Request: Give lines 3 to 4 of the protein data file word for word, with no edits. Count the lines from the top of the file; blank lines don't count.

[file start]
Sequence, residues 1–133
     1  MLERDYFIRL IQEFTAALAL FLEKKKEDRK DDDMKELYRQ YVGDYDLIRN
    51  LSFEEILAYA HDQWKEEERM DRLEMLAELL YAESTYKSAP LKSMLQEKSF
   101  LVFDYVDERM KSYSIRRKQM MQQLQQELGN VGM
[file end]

    51  LSFEEILAYA HDQWKEEERM DRLEMLAELL YAESTYKSAP LKSMLQEKSF
   101  LVFDYVDERM KSYSIRRKQM MQQLQQELGN VGM